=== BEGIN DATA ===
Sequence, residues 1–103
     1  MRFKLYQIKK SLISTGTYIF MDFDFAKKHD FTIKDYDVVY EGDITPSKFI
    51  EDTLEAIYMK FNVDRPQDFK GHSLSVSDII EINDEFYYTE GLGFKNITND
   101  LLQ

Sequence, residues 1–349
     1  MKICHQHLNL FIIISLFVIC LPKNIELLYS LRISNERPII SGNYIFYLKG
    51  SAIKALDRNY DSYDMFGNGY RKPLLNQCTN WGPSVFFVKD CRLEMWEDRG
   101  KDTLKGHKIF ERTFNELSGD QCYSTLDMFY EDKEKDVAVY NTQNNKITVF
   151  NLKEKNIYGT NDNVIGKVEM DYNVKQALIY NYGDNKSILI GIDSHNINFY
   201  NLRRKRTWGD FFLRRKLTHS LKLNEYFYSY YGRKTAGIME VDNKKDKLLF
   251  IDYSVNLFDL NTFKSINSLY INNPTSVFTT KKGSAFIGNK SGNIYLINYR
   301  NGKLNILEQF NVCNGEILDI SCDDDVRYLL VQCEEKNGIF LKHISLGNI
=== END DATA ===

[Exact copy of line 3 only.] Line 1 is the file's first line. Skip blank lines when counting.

    51  EDTLEAIYMK FNVDRPQDFK GHSLSVSDII EINDEFYYTE GLGFKNITND